How fast is your organization capable of changing to continue to remain relevant and successful in the marketplace?
The world is changing at an accelerating pace as new technologies are discovered, developed, released and adopted by consumers faster than ever before. At the same time companies are rising to global scale faster and large, successful companies are disappearing faster too.
In this new reality that we all face, organizations of all types are going to need to:
- Change how they change
- Increase their organizational agility
- Increase the flexibility of the organization
- Become capable of continuous change
- Inhibit the appearance and/or growth of change gaps that can doom your company
It is because of this tidal wave of change and a recognition that there is a need in the marketplace for more human change processes and tools that make change seem less overwhelming, that my next book for Palgrave Macmillan will focus on the best practices and next practices of organizational change (aka change management), and I’ve developed a new collaborative, visual change planning toolkit to go with it (but more about that later).
One way to do all of the items in the bulleted list above is to take more of an agile approach to change, to adopt some of the values and principles of the Agile Software Development methodology and use those to create a set of what could be described as Agile behaviors within the organization. If you are not familiar with the Agile Software Development methodology, I have included below the Agile Software Development Manifesto from http://agilemanifesto.org that details the values and principles of Agile Software Development. As you read through the manifesto I hope you’ll see that the values and principles can easily be applied to other endeavors outside of software development, whether that might in the project management discipline of your organization, or within your larger change initiatives.
Manifesto for Agile Software Development
We are uncovering better ways of developing software by doing it and helping others do it.
Through this work we have come to value:
- Individuals and interactions over processes and tools
- Working software over comprehensive documentation
- Customer collaboration over contract negotiation
- Responding to change over following a plan
That is, while there is value in the items on the right, we value the items in bold more.
Principles behind the Agile Manifesto
We follow these principles:
- Our highest priority is to satisfy the customer through early and continuous delivery of valuable software.
- Welcome changing requirements, even late in development. Agile processes harness change for the customer’s competitive advantage.
- Deliver working software frequently, from a couple of weeks to a couple of months, with a preference to the shorter timescale.
- Business people and developers must work together daily throughout the project.
- Build projects around motivated individuals. Give them the environment and support they need, and trust them to get the job done.
- The most efficient and effective method of conveying information to and within a development team is face-to-face conversation.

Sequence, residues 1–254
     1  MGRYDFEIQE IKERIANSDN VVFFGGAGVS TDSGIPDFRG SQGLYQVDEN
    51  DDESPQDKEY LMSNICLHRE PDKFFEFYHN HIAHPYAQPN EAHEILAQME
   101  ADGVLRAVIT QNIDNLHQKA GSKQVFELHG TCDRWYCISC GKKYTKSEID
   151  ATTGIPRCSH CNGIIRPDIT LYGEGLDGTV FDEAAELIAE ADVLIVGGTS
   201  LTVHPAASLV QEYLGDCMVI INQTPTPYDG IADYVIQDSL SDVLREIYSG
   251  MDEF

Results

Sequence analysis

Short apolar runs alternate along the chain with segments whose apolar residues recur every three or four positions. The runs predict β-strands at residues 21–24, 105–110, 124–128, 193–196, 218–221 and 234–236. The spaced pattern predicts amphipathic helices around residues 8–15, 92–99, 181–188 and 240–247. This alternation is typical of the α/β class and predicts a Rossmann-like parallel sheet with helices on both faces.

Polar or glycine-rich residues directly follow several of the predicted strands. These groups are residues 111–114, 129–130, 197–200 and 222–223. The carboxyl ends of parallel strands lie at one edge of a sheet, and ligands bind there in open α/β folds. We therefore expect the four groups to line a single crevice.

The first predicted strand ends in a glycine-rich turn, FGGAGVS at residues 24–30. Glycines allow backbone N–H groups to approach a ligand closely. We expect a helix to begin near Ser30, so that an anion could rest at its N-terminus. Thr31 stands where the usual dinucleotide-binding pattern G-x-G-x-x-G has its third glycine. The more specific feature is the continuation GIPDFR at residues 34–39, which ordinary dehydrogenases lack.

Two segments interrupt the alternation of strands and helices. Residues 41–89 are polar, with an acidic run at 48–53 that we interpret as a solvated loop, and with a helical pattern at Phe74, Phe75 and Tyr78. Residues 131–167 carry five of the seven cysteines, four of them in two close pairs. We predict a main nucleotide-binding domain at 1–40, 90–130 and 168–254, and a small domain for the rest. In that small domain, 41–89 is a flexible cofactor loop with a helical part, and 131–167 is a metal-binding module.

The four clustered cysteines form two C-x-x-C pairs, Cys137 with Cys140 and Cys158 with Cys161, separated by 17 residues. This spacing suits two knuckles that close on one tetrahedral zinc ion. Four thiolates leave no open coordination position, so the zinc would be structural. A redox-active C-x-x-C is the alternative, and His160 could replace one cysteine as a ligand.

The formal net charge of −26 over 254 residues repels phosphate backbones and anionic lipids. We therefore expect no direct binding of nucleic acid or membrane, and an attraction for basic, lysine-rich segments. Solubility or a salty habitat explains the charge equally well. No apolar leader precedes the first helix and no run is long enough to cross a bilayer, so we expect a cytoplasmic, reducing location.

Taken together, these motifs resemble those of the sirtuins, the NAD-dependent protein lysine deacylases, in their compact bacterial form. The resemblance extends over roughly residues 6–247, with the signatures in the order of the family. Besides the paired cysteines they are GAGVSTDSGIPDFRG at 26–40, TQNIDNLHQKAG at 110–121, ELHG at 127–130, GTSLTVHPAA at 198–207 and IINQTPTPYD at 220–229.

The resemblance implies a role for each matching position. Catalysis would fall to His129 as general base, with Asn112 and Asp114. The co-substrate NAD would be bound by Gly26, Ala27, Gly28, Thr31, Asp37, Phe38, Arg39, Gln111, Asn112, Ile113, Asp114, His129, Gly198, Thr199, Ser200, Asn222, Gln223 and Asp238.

- Working software is the primary measure of progress.
- Agile processes promote sustainable development. The sponsors, developers, and users should be able to maintain a constant pace indefinitely.
- Continuous attention to technical excellence and good design enhances agility.
- Simplicity–the art of maximizing the amount of work not done–is essential.
- The best architectures, requirements, and designs emerge from self-organizing teams.
- At regular intervals, the team reflects on how to become more effective, then tunes and adjusts its behavior accordingly.
You will see in FIGURE 1 that constant change sits at the center, Agile Values providing the initial direction for an organization with a committed goal of becoming more agile. Radiating out from Agile Values as we pursue success in coping with constant change will be our Agile Principles. But, ultimately we can’t live our values or follow our principles if we don’t exhibit behaviors that personify those values and principles. Unless our organizations begin to behave in a more agile way then the potential of truly becoming more agile will remain just words, and go largely unfulfilled.
It is because of the challenge of behaving in a new way that I encourage all of your to make a move towards a formal pursuit of organizational agility. To help you in this pursuit, I will soon be releasing my brand new collaborative, visual change planning toolkit for companies to use on their own (with free training for a select few who agree to use it and document their experience for the book). In addition I will be launching separate training for consultants so they can use the tools with clients in their change management and project management practices. Please register your interest here.
Using this new set of change planning and execution tools and processes will not only make change seem less overwhelming, but it will also help you build alignment behind your effort, help you work through as a group how to LITERALLY all get on the same page for change, and create a more agile organization as adoption of the tools spreads.
Stay tuned for more great change content coming soon!
In the meantime, check out the different ways to get involved.
SPECIAL BONUS: You can now access my latest webinar ‘Innovation is All About Change‘ compliments of CoDev with passcode 1515 here:
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Braden Kelley is a popular innovation speaker, builds sustainable innovation cultures, and tools for creating successful change. He is the author of the five-star book Stoking Your Innovation Bonfire and the creator of a revolutionary new change planning toolkit coming soon. Follow him on Twitter (@innovate) and Linkedin.